Technical question

Bowing to European competition rules, Microsoft Windows 7 will ship without Internet Explorer.

European buyers of Windows 7 will have to download and install a web browser for themselves.

Err, how?

24 comments on “Technical question

  1. Snigger. But I still can’t figure out why it was bad for the consumer to get Internet Explorer for free instead of having to pay Netscape.

  2. Browsers come on all computer magazine CDs and, no doubt, will include IE8 if this goes ahead.

    And Kit, why pay Netscape? And , these days, who are they?

  3. Who only has one computer these days! Download the browser (using a browser) on your old pc and save to a usb stick, stick it on your new machine, run. Job’s a good’un.

  4. The problem is not that they bundle Internet Explorer with Windows, they can do that.

    The problem is that the tie it into the operating system and you can’t (easily) change your default internet browser. You certainly can’t permanently change it, it defaults at the drop of a hat.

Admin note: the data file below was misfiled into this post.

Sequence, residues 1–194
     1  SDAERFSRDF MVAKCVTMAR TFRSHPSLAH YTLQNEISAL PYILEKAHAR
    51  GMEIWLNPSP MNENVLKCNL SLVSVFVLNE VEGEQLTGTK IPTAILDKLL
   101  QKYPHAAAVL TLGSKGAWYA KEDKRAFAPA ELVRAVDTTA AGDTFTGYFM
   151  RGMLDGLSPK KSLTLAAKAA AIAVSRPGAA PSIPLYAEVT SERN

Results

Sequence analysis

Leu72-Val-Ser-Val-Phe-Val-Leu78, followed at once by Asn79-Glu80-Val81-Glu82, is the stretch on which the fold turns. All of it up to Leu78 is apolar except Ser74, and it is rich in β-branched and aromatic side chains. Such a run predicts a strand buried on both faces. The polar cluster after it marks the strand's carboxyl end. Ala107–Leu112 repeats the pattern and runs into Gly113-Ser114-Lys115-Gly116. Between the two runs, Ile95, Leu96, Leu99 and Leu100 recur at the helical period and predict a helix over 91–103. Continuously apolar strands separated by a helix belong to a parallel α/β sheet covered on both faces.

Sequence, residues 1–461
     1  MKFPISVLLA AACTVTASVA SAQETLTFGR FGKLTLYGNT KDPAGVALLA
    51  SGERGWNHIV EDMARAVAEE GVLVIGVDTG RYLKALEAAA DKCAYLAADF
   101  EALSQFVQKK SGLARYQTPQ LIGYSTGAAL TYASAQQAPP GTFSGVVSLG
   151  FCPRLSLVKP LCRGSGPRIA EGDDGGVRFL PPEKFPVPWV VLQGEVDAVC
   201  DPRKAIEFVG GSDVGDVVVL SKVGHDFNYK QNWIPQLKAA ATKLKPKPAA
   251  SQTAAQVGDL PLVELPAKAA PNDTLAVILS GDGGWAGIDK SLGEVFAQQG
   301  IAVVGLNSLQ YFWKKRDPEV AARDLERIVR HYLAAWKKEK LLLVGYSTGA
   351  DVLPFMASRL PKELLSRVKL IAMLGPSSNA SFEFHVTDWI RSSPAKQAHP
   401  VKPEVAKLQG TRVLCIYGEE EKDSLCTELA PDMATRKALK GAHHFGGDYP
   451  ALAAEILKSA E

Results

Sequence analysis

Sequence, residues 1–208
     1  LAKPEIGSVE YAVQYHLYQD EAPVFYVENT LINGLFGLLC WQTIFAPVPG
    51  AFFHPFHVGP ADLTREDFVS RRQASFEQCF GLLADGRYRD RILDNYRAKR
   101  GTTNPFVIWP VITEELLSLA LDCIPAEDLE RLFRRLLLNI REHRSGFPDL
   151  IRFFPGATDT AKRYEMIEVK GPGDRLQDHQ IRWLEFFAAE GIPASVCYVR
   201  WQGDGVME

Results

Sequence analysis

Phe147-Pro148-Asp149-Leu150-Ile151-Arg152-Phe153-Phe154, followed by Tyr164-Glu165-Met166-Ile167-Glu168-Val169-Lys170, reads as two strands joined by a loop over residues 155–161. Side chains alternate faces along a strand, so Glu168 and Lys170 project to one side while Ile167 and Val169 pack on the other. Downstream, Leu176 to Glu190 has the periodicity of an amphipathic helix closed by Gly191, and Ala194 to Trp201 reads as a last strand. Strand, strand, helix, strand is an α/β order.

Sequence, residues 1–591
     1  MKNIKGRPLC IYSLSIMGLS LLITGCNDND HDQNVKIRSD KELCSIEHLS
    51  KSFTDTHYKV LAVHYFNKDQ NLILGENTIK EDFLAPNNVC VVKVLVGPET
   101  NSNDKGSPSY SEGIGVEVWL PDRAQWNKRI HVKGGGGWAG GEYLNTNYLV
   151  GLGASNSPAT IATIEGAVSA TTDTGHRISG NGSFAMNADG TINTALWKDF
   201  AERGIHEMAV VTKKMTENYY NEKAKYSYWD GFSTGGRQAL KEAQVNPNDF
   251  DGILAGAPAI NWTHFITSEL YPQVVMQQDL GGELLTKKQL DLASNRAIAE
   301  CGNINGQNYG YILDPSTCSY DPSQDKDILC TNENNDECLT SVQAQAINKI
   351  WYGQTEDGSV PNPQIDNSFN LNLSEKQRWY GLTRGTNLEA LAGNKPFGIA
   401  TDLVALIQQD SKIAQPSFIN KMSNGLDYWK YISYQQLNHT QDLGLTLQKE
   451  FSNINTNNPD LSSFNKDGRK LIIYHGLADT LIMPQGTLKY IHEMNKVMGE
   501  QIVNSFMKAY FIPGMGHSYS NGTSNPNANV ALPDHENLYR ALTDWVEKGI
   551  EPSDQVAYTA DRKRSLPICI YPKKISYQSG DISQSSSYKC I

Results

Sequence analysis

5. @GeoffH

    For the youngsters who read this blog: back in the good old days you had to buy your browser software. The market leader was Netscape which you could pick up for £30.

  6. “But I still can’t figure out why it was bad for the consumer to get Internet Explorer for free instead of having to pay Netscape.”

    Me neither, unless they objected to the fact that IE embedded itself even deeper into your system than the famed candiru fish into your urethra. And with pretty much the same consequences if you tried to extract it.

    But hey, you could just not use it with no ill effects…

  7. I imagine the download and install will be done via the “automatic update” system. However, I think that in most cases users will actually find that IE will already be installed when they buy their new computer. I would guess that the OEMs such as Dell, Sony etc will buy the IE free Windows 7 OS, but customers will not be too happy having a web browser free OS, so the OEMs will install the browser at the factory level. It is just a bit of manouvering by Microsoft to comply with European regulators.

  8. “For the youngsters who read this blog: back in the good old days you had to buy your browser software.”

    No you didn’t. Mosaic was free. So was Lynx. Mac had MacWeb. And even if you were using Netscape, no-one ever paid.